Do Tree Frogs Have Teeth?
Tree frogs are among the most recognized amphibians in the world, with their large eyes, vibrant colours, and playful behaviour. Many people don’t realize that frogs, including tree frogs, don’t have teeth. So, what are their adaptations for eating, and how do tree frogs get by without chompers?
Adaptations for Eating
Tree frogs do not lack the need for teeth, yet many species, including the beloved tree frog, are unable to grow them. As a result, they have developed alternative methods to feed. Here are some of the adaptations they have:
- Skin Absorption: Frogs absorb certain nutrients directly through their skin
- Streamer Tongue: For larger prey, frogs use a specialized tongue called the “streamer tongue”, which is able to snap out, catch prey, and pull it back into their mouth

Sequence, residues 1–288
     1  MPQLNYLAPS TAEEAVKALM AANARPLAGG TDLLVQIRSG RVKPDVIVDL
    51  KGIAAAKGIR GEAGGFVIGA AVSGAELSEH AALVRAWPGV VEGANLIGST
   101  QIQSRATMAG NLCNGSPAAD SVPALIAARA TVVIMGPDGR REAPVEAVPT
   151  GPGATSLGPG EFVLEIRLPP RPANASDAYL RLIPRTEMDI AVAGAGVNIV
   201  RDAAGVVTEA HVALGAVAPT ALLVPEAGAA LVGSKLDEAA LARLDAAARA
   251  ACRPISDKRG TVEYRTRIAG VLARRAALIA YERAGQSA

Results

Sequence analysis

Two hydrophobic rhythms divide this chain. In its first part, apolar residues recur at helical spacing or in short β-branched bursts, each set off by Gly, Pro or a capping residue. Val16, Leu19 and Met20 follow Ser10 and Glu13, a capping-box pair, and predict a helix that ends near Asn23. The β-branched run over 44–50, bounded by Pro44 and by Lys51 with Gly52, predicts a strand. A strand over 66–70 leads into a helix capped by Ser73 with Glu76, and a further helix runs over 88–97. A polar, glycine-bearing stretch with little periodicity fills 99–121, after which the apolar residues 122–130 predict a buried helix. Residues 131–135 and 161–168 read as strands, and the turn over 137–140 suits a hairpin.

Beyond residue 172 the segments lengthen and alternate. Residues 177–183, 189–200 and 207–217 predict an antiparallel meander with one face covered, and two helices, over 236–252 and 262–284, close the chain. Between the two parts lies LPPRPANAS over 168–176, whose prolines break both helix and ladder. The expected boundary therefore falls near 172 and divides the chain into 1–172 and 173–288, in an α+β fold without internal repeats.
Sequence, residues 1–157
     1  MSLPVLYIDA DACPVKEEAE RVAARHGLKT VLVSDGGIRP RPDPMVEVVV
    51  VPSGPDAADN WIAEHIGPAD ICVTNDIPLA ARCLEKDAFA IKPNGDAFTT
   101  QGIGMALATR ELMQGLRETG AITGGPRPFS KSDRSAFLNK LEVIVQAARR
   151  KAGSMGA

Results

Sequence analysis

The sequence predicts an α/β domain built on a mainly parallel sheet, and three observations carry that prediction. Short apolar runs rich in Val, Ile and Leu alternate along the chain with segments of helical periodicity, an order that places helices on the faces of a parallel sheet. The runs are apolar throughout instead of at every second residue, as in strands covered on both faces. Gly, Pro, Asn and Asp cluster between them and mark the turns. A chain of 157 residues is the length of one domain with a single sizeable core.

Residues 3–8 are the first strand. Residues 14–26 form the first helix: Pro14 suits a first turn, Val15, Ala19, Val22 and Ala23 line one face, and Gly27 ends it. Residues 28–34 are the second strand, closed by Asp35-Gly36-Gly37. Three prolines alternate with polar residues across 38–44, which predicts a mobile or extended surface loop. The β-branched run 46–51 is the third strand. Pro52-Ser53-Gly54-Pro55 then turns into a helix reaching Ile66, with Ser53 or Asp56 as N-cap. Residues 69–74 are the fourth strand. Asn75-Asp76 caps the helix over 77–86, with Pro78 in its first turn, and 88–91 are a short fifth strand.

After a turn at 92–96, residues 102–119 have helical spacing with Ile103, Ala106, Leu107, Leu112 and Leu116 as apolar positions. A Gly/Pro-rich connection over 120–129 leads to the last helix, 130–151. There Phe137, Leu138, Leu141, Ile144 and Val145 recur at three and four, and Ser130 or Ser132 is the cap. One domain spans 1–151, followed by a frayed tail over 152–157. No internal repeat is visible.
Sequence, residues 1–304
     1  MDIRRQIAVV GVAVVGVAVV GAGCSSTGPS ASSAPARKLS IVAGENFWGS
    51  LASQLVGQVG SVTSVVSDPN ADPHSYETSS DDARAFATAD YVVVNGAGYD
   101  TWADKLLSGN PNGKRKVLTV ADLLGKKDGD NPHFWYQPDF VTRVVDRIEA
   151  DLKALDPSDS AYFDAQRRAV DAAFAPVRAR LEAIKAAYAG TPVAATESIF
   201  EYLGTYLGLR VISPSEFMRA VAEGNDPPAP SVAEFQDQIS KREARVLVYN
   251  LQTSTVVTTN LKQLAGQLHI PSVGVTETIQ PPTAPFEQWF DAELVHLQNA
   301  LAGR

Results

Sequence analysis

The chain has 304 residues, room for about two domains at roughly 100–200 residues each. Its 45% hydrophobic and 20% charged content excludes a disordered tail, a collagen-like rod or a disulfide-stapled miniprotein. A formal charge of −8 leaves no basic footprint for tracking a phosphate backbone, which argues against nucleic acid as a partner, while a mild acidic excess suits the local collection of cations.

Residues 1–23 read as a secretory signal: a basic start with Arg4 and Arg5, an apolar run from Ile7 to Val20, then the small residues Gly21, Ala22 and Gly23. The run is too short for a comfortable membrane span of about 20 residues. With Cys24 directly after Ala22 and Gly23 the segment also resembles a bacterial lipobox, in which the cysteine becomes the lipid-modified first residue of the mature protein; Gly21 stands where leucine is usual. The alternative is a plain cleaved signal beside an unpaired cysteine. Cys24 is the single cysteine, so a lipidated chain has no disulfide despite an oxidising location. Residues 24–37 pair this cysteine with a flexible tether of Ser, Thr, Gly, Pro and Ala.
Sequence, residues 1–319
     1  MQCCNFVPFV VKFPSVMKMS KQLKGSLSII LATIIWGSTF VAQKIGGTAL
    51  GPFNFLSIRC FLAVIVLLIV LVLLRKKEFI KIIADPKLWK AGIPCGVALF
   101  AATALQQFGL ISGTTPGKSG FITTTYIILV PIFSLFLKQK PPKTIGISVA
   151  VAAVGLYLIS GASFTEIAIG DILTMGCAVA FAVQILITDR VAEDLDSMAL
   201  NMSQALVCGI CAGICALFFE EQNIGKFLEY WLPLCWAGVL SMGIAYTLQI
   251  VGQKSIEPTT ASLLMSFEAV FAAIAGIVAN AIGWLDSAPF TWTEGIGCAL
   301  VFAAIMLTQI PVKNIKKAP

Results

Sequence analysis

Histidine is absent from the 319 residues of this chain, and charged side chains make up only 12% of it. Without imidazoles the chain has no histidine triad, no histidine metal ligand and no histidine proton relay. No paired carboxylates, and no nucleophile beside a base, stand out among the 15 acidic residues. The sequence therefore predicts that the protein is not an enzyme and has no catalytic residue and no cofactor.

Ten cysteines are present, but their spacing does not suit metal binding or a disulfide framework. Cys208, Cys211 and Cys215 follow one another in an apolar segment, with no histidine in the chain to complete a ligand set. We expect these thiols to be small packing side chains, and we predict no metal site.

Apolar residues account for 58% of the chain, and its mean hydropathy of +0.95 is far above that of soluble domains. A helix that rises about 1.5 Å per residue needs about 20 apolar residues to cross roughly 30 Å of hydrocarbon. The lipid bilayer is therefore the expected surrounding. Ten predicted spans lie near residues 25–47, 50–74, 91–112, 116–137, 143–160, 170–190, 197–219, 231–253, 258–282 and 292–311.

- Papillae: Small structures on a frog’s tongue help grip, tear, and swallow prey. These structures are known as papillae.
What Do Tree Frogs Eat?
A typical tree frog diet consists of small insects such as ants, mosquitoes, and spiders. Some of the larger species may include small snakes and lizards in their diet.
Tree frogs do not have teeth, but their specialized adaptations for eating make up for this absence. The small size and range of their meals suggest that not having teeth doesn’t seem to be an obstacle for them. Seeing as they are able to survive in the wild by consuming mostly insects, it’s safe to say that they don’t need teeth.